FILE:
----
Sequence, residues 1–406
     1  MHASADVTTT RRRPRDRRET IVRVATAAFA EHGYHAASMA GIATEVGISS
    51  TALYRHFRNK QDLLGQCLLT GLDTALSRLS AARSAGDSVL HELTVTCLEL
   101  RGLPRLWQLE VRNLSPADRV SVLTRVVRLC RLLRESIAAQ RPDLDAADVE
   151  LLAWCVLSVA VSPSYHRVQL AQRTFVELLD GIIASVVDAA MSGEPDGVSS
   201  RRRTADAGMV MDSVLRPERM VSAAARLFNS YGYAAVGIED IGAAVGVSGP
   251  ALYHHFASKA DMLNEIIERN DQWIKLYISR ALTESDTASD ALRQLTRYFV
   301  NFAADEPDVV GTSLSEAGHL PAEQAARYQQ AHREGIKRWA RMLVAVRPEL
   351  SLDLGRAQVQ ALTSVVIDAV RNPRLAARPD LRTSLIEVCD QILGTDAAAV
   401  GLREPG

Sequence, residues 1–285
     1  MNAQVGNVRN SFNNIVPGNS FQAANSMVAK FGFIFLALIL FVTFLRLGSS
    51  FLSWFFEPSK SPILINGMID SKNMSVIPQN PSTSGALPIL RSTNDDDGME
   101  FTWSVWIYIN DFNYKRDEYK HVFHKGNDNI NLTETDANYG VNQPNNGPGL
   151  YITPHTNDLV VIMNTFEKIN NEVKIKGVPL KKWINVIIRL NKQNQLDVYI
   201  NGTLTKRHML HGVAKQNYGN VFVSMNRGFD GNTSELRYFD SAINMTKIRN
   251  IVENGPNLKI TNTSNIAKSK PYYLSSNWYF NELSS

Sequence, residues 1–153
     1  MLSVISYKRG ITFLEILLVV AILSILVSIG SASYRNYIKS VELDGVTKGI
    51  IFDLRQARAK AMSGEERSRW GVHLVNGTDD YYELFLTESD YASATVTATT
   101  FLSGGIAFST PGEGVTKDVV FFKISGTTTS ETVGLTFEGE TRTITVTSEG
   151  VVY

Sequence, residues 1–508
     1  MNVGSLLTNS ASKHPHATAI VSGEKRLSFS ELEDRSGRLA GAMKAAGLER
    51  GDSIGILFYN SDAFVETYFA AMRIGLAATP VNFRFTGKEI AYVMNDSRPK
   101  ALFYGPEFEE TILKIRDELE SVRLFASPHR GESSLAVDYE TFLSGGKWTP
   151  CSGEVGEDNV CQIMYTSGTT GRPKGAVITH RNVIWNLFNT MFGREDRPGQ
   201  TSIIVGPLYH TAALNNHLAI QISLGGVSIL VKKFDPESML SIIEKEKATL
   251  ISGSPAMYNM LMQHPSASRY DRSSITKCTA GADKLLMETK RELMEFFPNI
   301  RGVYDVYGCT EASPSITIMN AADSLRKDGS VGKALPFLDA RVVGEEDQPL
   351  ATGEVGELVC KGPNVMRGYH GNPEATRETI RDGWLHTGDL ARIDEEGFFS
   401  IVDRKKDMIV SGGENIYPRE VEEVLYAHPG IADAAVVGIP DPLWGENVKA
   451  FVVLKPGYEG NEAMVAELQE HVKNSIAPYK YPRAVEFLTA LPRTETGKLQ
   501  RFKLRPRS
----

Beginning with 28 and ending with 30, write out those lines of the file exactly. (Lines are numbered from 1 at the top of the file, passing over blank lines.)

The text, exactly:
   201  TSIIVGPLYH TAALNNHLAI QISLGGVSIL VKKFDPESML SIIEKEKATL
   251  ISGSPAMYNM LMQHPSASRY DRSSITKCTA GADKLLMETK RELMEFFPNI
   301  RGVYDVYGCT EASPSITIMN AADSLRKDGS VGKALPFLDA RVVGEEDQPL